USSDA for Girls- First Impressions

It has begun… the first month of the USSDA for Girls is in the books and many of the questions that have swirled over the last year have been answered.  Here’s a rundown of the some of the positives and potential negatives.

POSITIVES

There are many, many great things about the academy program that apply to all girls…

  • Status- Girls soccer is now elevated to the same status as boys soccer and “impacts everyday club environments to develop world-class players.” The league seems to be very organized and professional.
  • Female Mentors-  Each region has a female Technical Advisor to guide clubs.  There is a great deal of oversight by US Soccer.
  • Practice Environment- Girls are practicing four days a week including conditioning designed to prevent injuries.  In addition to helping to produce skilled and conditioned girls, the frequent togetherness fosters team bonding.
  • Game Day- Games are played on beautiful fields with good referees (well…) and frequently have US Soccer representatives and college coaches in attendance.  It is also nice to have all teams from the same club play at the same location back to back.  The schedule is well paced and gives teams adequate rest.  It’s also fun to see the girls “walk out” with the referees before the game.
  • Game Video- Every DA game is recorded and shared with coaches and players via Hudl.  This is an excellent learning opportunity for all and an easy way to get highlights to show college coaches.
  • Game Reports- Published detailed game reports show starters, minutes played, goals scored and cards given.  
  • Showcases- Although the first showcase isn’t until December, they look to be well organized and attended by college coaches and scouts.
  • The Patch- Just sayin’ 🙂

POTENTIAL NEGATIVES

  • No High School Soccer- Girls aren’t allowed to play HS soccer.  Although this takes away a lot of potential for injury, it also doesn’t allow girls to have the experience of playing for their school, meeting a bunch of new friends and having a place to “belong” at school.
  • Four practices a week- Practicing four days a week is a big adjustment- especially with the workload of high school.  Will this impact girls’ ability to excel academically? Girls also are very reticent to miss any practices (regardless of injuries or schoolwork) for fear that they won’t play on the weekend.  Is this going to lead to burn out for girls?
  • Substitution Rules/Playtime- Strict substitution rules dictate no re-entry and only 5 subs per game making things difficult for both coaches and the girls. Seems like the norm is having the “top” 6-7 girls play the whole game with the rest either playing half or very limited minutes…and some not at all.  Girls may ignore injuries to stay in the game- especially if all subs have been used.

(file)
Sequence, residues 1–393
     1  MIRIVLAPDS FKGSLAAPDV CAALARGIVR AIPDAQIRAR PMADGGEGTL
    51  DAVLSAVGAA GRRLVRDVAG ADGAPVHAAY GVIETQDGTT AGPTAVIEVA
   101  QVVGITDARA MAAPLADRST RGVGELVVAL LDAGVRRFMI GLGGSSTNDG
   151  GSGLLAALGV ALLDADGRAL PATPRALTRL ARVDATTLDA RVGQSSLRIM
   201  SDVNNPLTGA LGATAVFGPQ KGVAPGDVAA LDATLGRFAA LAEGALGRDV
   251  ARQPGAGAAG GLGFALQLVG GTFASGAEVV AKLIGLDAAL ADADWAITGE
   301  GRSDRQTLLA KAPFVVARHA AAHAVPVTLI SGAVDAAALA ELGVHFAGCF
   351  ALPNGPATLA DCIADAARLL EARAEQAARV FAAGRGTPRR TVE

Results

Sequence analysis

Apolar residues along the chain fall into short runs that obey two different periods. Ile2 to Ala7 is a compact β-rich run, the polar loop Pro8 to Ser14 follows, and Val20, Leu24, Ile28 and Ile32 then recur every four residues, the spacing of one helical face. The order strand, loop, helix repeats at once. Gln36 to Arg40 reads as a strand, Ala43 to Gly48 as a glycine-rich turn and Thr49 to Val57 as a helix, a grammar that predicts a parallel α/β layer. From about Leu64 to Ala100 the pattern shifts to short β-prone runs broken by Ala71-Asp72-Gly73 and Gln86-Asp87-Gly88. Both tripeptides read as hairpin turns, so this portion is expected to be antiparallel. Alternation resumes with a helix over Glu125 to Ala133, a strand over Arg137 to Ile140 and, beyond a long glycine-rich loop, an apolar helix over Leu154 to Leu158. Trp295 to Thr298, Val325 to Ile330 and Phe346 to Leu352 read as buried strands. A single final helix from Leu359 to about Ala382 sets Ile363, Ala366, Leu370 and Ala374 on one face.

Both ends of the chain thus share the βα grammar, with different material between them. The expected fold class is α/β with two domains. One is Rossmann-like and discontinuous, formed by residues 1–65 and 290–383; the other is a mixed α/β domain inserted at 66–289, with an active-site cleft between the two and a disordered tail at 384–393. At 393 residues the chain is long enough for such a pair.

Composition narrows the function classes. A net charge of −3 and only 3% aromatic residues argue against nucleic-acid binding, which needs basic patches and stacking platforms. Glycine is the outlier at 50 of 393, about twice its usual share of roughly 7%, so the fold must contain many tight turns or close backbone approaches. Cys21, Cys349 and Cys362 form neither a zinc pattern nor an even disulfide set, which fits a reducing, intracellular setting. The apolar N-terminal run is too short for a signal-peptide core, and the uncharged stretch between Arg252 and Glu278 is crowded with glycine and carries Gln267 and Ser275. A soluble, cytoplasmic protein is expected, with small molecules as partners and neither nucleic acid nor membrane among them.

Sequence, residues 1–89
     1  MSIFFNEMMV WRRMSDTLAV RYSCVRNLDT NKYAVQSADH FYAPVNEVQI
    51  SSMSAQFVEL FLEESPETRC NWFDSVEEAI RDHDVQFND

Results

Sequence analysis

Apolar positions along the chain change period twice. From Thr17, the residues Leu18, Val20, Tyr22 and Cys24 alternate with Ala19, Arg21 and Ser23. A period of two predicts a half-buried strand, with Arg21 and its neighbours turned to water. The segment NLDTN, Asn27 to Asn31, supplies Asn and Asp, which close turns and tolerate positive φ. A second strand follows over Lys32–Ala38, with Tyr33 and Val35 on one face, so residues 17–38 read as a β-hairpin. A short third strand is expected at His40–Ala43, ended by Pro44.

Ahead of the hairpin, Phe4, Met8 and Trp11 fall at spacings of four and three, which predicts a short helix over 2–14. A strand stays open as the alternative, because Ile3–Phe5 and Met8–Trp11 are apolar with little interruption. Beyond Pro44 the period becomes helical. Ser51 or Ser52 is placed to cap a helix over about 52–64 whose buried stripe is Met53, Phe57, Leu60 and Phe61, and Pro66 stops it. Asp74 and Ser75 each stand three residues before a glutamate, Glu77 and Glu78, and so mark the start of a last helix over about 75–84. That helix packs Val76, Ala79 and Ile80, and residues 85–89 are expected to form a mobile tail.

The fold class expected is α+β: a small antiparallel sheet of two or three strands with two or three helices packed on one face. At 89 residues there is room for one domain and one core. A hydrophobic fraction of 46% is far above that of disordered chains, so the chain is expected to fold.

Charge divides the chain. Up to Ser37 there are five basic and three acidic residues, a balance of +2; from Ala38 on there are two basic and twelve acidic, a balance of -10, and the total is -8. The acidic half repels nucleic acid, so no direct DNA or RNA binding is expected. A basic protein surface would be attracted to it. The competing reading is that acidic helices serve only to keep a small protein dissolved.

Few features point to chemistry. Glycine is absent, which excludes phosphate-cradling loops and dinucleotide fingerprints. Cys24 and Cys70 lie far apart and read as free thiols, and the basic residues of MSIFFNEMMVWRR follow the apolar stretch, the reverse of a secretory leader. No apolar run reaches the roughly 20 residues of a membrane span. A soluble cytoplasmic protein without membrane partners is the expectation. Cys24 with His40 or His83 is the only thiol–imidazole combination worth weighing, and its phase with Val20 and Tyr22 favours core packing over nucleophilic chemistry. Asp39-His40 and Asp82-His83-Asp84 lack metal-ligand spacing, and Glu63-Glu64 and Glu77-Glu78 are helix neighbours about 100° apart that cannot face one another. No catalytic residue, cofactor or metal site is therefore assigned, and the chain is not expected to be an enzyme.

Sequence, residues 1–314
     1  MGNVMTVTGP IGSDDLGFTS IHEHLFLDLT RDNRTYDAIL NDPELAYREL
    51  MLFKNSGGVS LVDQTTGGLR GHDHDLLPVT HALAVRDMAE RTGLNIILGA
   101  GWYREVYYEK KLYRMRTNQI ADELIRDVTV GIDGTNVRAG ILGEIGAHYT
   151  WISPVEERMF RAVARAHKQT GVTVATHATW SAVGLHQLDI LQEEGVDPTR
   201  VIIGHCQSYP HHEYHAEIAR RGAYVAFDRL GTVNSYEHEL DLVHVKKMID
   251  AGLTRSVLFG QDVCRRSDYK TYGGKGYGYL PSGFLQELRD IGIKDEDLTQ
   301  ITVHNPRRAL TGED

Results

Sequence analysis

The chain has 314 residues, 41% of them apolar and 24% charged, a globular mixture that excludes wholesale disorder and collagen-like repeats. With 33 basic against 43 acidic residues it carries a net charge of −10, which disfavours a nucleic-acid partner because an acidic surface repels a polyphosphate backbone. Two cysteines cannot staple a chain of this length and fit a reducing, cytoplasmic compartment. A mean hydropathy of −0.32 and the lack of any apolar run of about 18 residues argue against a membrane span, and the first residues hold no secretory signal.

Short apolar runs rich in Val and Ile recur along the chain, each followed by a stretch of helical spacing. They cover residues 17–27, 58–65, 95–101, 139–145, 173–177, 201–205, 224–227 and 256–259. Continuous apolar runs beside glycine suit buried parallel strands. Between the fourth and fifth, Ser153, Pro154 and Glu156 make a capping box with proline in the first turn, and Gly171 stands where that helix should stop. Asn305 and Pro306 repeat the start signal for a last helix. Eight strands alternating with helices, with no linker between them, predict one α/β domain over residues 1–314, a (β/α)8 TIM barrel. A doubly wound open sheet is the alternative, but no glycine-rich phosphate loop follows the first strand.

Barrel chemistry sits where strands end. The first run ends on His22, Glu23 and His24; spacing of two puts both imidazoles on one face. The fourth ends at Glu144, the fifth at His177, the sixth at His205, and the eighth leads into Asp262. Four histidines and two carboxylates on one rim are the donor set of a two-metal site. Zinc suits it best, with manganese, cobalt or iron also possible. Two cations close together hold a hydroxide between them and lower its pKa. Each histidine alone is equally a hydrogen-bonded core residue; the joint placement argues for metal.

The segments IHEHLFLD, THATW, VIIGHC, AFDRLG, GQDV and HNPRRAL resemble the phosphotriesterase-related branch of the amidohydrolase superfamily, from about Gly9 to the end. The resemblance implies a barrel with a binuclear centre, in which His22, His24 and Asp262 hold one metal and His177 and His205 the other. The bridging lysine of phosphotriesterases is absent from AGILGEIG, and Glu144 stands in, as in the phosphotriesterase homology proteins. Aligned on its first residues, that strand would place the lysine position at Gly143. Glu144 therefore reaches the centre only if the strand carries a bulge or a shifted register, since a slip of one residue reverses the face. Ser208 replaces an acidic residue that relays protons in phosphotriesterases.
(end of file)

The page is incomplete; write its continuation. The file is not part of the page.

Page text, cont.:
• Game Reports- Are very detailed, but can be really hard for girls who didn’t get the minutes or start that they wanted and it’s all there for anyone to read.  There is also quite a bit of personal information readily available which may make some people uncomfortable.

The DA is very clear about its goal of developing girls for the National Team and the league is clearly set up for those girls.  For the top girls there may be some negatives such as making it to the four practices, but other than that there are so, so many positives including opportunities to play up and better exposure and competition.  The problem is that a very, very small percentage of girls will actually ever make a National Team pool, much less the actual full team.  

I know the purpose of the limited substitution is to develop a style of play that doesn’t rely on athleticism while aligning with FIFA standards. This system rewards and showcases top players and can put coaches in a bind when it comes to the rest.  I think most coaches really care about their players and find it difficult if they can’t reward hard work with playtime.  The interesting thing is that college soccer has a very different, almost unlimited, substitution policy.  Hmm… I wonder if college programs will change to reflect the DA or will the DA consider bending their rules to something similar to ECNL sub rules?  Will girls be prepared for the pace of college soccer by playing in the DA and focusing on “the beautiful game?”  We recently went and watched a local top women’s college program and when I asked how the game was, LSG’s teammate said, “Our coach would have been really upset with us if we played like that!”

It’s just the beginning… plenty of excitement yet to come.  The most important things to my kid?  Her coach and her teammates and she loves them all.  What do you think about the USSDA for Girls?

If you want to read more about the USSDA for Girls…

US Soccer Development Academy Site

Development Academy- Counting the Cost

Timing is Everything- Girls Development Academy

US Soccer Development Academy for Girls